Friday, April 22, 2005

Xuan Loc

We are rapidly approaching the 30th anniversary of the fall of South Vietnam. Many of the decisions that led America to commit over 500,000 troops to that country in pursuit of an ill-defined strategy of attrition are open to question. Regardless, the vast majority of soldiers who went to Vietnam did their duty with courage and skill, and deserve the gratitude of our nation.

One of the most popular themes among critics of the anti-communist side of the Vietnam War is that the very existence of South Vietnam was somehow illegitimate. The fact of that country's defeat is taken as prima facie evidence of its artificial, unpopular nature. This argument ignores several facts. One is that it took a conventional invasion by 17 North Vietnamese Army (NVA) divisions awash in Soviet-bloc weapons and equipment to overrun South Vietnam. By this standard, Poland in 1939 and France in 1940 were equally illegitimate entities.

Those who question South Vietnam's right to have existed also point to the fanatical determination of the NVA, and contrast this to the supposed cowardice of the Army of the Republic of Vietnam (ARVN). Unfortunately, this belief is a dual caricature. While the NVA was a formidable opponent, its soldiers were far from being communist supermen. A former North Vietnamese soldier named Bao Ninh has written in his memoirs that "(d)esertion was rife throughout the regiment, as though soldiers were being vomited out, emptying the insides of whole platoons." On the other hand, the ARVN certainly had its problems, yet between the years of 1965-1972 three times as many South Vietnamese soldiers died than Americans.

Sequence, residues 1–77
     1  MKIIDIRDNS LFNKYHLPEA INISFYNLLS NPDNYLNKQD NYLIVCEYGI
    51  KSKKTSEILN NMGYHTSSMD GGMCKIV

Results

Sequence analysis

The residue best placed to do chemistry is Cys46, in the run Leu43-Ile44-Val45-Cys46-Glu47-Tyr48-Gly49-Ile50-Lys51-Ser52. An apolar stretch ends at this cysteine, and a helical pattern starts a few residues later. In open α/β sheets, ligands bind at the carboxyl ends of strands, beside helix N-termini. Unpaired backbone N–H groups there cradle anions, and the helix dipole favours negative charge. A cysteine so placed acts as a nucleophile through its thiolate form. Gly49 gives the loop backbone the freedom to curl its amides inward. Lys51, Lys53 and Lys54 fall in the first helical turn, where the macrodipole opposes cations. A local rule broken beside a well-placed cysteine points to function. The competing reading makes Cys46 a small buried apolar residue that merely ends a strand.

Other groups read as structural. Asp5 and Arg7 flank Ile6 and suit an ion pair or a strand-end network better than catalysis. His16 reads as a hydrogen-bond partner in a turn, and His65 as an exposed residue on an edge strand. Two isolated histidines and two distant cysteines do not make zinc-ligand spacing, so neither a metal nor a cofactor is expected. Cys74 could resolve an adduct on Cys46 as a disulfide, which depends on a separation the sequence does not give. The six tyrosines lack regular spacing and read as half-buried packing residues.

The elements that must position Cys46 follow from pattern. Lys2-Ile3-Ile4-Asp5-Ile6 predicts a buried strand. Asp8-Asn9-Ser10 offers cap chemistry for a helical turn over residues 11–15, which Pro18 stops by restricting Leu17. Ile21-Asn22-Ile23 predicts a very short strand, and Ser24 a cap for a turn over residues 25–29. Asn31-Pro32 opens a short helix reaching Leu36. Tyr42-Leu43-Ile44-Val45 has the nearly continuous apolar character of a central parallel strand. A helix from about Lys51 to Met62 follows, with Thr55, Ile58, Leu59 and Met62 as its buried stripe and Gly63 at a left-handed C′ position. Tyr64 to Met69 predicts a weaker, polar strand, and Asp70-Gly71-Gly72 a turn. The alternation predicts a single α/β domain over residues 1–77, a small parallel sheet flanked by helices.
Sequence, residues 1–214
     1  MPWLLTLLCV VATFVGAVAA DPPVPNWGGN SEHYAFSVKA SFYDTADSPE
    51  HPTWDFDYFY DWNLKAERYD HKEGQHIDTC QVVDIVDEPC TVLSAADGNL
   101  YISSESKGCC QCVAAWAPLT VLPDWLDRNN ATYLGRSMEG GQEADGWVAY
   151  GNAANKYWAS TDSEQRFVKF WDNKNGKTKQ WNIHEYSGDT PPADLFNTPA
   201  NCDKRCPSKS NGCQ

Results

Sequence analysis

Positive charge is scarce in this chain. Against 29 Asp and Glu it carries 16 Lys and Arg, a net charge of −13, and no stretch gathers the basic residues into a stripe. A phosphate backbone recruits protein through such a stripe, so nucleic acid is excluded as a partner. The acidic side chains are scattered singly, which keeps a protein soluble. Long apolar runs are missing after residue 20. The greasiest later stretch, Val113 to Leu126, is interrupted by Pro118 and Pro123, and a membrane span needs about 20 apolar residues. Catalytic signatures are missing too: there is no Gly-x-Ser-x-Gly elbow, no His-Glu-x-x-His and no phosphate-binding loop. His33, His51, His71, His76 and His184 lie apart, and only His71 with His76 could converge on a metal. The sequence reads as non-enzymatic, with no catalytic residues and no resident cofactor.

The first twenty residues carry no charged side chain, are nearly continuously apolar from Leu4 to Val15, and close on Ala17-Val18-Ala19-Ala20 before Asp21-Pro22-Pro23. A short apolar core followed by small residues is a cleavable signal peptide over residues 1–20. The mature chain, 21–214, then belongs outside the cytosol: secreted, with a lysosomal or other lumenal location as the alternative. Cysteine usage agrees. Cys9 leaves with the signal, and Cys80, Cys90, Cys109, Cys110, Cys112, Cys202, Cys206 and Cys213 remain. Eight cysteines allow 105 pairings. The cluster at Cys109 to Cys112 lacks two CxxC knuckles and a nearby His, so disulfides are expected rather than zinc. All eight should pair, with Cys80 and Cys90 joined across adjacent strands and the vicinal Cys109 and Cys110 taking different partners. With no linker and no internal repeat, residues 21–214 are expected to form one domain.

The best example of the ARVN's courage and willingness to fight came in April 1975 at a place called Xuan Loc, a strategically important town on the approaches to Saigon. The ARVN 18th Division, with some supporting units, was assigned to defend this vital position. Beginning on April 9, Xuan Loc was attacked by 3 NVA divisions with armor and heavy artillery support. For two whole weeks, against overwhelming odds, as their country fell apart around them, the men of the 18th stood and fought heroically, Finally, on April 22nd the 18th Division withdrew, having suffered 30% casualties while killing over 5,000 of the enemy. In the words of General Phillip B. Davidson:

In this final epic stand ARVN demonstrated for the last time that, when properly led, it had the "right stuff."

South Vietnam was not perfect. Like Poland in 1939 and South Korea in 1950, the country was far from democratic. Compared to the communist alternative, however, the Republic of Vietnam was a virtual paradise. No one took to the South China Sea in leaky rafts in order to escape the Thieu-Ky regime. After the North Vietnamese conquest, by contrast, over one million people fled the former South Vietnam by sea. In addition, it has been estimated that about 100,000 South Vietnamese were executed after the communist victory, and another 2.5 million sent to "reeducation" camps.

The heroes of Xuan Loc battled valiantly against overwhelming odds to defend their country's freedom. They deserve to be remembered with honor.


Post a Comment

<< Home